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Pay it Forward ~ 12 days to go

We are down to the final 12 days of Spica wear ~ I hope forever. There is no guarantee that Sara’s surgery will forever fix her dislocated left hip. In fact, our surgeon has told us repeatedly how lucky she will be if this is the only surgical intervention she will need throughout her life. I hate the thought of her going through this again a few years down the road. But I’m hanging on to hope because that’s all I have.

Very kind strangers have made this “ordeal” much more manageable. People I have never met sent us supplies we would need post surgery – out of the kindness of their hearts. One family sent us babylegs, tape, and moleskin. Another family sent us a cast cooler.


  1. The kindness of strangers is a powerful thing, in deed. It makes the world smaller and a bit more hopeful. My family (spurred on my generous 8 year old) passed out envelopes of cash on Christmas Eve morning in a low income area of our city. We did not have to go looking for the ideal recipients. They were simply there. My faith tells me that when you have hope to give and don't hold back, the person who needs it will receive it. We have decided to make this outing a yearly tradition. Sending love and hope to your family as you get through the last 12 days of Spica wear.
    • What a sweet, kind, thoughtful gesture - handing out money on Christmas! I've found that even giving someone the pathetic little quarter in my Aldi cart can really brighten a day. I can't imagine getting an envelope T of cash! Good for you!! Thank you for sharing.
  2. Hi Michelle 12 days to go forever I hope for you too. Thanks to your blog and your kind support on facebook, you have helped me so much as I started my spica journey with Chloe. 8 weeks to go.... and thanks to your support you have made things easier. I hope everything goes well for Sara :)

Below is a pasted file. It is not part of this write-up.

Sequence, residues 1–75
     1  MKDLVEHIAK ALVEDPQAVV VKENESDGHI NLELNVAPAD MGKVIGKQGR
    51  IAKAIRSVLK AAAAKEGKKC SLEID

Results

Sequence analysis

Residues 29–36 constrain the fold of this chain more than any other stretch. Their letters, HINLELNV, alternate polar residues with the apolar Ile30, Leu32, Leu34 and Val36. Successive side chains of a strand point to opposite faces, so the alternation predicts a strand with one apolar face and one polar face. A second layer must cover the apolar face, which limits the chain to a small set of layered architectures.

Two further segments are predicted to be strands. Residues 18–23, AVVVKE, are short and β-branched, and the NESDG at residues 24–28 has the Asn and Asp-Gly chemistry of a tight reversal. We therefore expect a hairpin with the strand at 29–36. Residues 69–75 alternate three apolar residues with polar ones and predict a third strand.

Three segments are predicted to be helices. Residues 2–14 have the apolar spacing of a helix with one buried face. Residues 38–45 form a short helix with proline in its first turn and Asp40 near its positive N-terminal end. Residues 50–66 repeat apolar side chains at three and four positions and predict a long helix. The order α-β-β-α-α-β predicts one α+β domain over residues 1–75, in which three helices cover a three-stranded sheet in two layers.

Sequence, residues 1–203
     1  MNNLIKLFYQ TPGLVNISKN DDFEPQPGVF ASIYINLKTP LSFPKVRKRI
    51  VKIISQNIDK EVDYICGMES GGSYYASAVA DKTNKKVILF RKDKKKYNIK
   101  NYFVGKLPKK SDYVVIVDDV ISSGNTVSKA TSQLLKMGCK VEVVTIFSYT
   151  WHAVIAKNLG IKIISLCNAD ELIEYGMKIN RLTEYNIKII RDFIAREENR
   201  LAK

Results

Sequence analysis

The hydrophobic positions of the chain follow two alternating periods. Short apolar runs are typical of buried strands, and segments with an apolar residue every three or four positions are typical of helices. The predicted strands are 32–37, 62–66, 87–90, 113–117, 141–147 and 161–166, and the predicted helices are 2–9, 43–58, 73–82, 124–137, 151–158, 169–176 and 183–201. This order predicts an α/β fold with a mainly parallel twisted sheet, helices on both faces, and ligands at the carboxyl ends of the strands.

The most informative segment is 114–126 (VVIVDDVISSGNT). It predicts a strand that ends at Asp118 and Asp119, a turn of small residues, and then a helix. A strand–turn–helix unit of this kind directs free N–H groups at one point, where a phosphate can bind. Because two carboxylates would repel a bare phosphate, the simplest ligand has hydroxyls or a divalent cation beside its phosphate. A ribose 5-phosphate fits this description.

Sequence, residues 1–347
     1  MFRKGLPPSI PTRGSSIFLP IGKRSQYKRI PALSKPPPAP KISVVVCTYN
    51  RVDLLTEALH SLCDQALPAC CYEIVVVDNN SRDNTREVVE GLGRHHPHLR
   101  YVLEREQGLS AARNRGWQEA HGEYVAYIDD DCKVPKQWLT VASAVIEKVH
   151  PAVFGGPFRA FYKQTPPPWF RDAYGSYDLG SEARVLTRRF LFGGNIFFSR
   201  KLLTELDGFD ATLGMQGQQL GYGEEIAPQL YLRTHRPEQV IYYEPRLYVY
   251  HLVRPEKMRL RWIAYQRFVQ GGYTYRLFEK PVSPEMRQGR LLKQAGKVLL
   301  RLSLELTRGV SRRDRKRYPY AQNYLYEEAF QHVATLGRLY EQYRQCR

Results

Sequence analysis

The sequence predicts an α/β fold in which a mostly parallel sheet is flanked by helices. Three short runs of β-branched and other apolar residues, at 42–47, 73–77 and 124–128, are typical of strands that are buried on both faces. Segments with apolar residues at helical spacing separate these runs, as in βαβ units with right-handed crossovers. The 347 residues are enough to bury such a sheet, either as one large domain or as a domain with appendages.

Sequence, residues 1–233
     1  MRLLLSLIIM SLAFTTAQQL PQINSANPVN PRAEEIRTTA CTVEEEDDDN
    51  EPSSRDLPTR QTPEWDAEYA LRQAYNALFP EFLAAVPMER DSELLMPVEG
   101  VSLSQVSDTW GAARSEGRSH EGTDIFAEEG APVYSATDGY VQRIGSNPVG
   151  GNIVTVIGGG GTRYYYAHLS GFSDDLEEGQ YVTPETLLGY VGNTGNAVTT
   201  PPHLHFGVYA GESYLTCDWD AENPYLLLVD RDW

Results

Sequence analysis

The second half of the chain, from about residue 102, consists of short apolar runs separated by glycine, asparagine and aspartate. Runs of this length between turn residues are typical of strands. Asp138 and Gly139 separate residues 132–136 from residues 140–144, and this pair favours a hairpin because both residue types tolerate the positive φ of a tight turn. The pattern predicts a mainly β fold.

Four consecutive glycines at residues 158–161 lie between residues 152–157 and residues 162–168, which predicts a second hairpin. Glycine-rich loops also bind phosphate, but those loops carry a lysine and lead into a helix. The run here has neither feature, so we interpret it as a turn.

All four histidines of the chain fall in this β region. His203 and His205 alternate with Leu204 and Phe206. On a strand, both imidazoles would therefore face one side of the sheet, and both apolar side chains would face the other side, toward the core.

3. Extending a kind and helpful hand to others is the best way to create community around you and your family. When we first moved into our neighborhood I was childless and not working due to health issues. I tutored many children in our neighborhood free of charge. In doing so I made many wonderful friends. They would often send over extra food so I wouldn't have to cook dinner after tutoring their children. One uncle re-did our kitchen cabinets for free, we just had to buy the materials. Now I have an active toddler and don't tutor regularly although I help with special projects when asked. I still benefit from warm relationships and now these families will occasionally care for my son when I have an appointment. For no charge, of course! I could have earned a lot of money by tutoring for a fee, but I think that by gaining community I came out much richer in the end!

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